Rights to Perform on Stage
I want my adaptations to be performed on stage. For a license to do so, I ask only for a few things:
1.) Buy at least 10 copies of the paperback book (total less than $100).
2.) Email me for permission: email@example.com. And send me pictures.
3.) Give me credit as the author of the adaptation.
You'll need at least 10 copies of the script for your actors. Giving them the book will thrill them; or you can ask them to buy it - that's OK, too. The book is written with actors in mind, so there's plenty of room to write notes around dialogue, and even some guidance on character development.
I need to keep track of who, where and when. And I LOVE collecting pictures of these productions!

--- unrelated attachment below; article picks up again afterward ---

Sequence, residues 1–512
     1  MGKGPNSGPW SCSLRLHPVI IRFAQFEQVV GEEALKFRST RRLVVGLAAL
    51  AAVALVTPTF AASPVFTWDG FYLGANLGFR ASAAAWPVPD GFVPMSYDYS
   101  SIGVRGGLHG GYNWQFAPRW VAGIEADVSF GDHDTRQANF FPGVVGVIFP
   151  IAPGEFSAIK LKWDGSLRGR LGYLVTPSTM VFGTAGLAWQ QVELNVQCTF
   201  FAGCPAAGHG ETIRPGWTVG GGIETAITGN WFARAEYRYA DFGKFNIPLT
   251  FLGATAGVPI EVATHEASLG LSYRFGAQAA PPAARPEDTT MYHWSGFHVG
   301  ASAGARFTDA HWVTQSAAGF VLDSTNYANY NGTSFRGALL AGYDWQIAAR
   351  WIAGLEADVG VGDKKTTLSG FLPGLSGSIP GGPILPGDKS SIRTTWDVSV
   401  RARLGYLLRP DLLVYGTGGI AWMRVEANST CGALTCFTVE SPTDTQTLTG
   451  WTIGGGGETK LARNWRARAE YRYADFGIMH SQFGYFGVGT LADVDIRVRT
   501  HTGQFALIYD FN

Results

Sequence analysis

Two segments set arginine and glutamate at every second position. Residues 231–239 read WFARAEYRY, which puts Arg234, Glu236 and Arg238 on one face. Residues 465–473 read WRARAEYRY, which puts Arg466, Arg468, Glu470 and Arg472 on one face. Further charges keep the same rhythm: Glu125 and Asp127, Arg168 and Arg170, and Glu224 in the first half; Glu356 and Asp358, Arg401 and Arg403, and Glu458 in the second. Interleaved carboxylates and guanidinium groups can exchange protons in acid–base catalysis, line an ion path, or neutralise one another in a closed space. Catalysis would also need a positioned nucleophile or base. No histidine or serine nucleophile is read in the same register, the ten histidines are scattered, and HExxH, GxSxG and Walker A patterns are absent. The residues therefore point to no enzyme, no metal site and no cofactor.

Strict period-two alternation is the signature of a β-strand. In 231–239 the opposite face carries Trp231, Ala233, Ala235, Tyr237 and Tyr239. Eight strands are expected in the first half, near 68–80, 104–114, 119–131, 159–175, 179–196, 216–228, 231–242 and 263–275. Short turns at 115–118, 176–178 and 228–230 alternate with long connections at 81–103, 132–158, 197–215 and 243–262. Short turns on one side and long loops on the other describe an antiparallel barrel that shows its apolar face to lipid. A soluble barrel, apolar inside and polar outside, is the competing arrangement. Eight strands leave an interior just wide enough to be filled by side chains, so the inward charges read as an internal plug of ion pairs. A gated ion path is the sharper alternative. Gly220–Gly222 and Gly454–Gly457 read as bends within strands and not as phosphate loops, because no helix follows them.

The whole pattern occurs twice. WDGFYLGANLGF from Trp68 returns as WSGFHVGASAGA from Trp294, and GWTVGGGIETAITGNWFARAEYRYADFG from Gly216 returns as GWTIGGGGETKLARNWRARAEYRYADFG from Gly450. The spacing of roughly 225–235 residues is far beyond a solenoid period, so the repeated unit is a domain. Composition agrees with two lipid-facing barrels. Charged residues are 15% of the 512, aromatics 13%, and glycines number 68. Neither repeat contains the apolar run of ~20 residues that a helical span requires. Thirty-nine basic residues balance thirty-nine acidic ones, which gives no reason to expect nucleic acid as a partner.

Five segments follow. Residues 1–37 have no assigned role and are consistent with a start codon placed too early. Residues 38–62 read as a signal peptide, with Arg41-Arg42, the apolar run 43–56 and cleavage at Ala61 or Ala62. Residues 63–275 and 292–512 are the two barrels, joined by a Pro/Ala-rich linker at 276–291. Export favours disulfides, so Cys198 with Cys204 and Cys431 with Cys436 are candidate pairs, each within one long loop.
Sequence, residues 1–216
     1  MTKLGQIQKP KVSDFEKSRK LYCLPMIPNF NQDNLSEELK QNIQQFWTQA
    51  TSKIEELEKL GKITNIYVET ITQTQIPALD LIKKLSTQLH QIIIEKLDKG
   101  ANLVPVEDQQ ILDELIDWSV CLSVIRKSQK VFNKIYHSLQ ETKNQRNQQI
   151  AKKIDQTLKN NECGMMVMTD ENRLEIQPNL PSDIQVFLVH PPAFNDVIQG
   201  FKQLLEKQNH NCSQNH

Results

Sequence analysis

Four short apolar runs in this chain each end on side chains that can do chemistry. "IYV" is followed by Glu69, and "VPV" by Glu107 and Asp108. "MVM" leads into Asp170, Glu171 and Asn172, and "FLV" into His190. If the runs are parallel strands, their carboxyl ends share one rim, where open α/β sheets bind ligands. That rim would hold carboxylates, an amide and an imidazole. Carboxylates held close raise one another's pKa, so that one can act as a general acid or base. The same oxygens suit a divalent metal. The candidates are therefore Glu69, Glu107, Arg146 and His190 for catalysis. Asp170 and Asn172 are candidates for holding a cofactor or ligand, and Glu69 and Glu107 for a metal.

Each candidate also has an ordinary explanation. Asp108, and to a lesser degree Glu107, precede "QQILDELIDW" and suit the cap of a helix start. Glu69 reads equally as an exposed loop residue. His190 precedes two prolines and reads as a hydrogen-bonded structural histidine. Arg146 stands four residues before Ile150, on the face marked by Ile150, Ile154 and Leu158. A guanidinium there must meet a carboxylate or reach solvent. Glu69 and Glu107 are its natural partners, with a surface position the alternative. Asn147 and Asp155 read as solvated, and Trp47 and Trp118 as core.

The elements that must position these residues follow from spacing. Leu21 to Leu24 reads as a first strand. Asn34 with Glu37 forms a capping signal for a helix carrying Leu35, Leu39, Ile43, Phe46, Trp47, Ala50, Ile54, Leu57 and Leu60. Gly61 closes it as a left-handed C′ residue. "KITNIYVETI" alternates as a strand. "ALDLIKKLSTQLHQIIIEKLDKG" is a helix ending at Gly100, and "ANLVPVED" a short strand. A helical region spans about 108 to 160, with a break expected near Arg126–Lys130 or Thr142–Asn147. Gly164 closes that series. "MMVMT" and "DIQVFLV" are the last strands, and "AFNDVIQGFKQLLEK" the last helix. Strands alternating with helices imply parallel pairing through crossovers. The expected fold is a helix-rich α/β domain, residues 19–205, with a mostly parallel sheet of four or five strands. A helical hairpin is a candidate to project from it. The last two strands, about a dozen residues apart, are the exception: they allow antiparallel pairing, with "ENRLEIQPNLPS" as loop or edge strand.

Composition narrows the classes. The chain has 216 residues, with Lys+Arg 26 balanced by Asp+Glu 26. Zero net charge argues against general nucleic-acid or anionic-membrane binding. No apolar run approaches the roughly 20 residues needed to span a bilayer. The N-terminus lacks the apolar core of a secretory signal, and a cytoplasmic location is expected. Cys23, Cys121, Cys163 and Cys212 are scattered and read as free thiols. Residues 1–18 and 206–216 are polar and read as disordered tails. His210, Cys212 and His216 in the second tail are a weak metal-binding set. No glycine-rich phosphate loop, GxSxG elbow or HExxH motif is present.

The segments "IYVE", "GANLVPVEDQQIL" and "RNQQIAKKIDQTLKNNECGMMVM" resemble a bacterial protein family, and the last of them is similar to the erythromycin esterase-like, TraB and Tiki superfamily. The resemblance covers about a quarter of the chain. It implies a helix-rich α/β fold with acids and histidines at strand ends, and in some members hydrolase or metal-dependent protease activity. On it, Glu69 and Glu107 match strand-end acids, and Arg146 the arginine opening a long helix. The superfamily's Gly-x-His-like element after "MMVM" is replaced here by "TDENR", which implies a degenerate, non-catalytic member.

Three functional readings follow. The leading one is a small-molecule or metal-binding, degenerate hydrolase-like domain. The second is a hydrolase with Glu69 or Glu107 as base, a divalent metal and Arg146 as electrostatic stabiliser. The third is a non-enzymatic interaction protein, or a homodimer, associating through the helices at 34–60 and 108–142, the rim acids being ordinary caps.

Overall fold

Of course these are still Shakespeare's plays. All I want is a mention. Something like "Adaptation by Brent Nautic Von Horn" is fine. If you use the title "Doable ________" then please say "By Brent Nautic Von Horn". Questions? email me.
But wait! Isn't Shakespeare public domain?
Sure, it is. That's how I'm able to re-write his works. You can perform the original plays without getting a license, because they are in the public domain. (Anything written prior to 1924.) You can also re-write Shakespeare as you see fit. I tell you, though, it takes a lot of time and sweat to do so. As you can see in the side-by-side comparison I posted, in order to make these plays more accessible to modern audiences (and actors), I've had to change a lot.
These "Doable" versions are my copyrighted work. I didn't do them for money (it will take many book sales to just recoup the cost of doing these adaptations); I did them because too many people don't even try Shakespeare, or they try but give up too early slogging through his language, trying to understand. Helping to revive a love of Shakespeare's works is a dream of mine.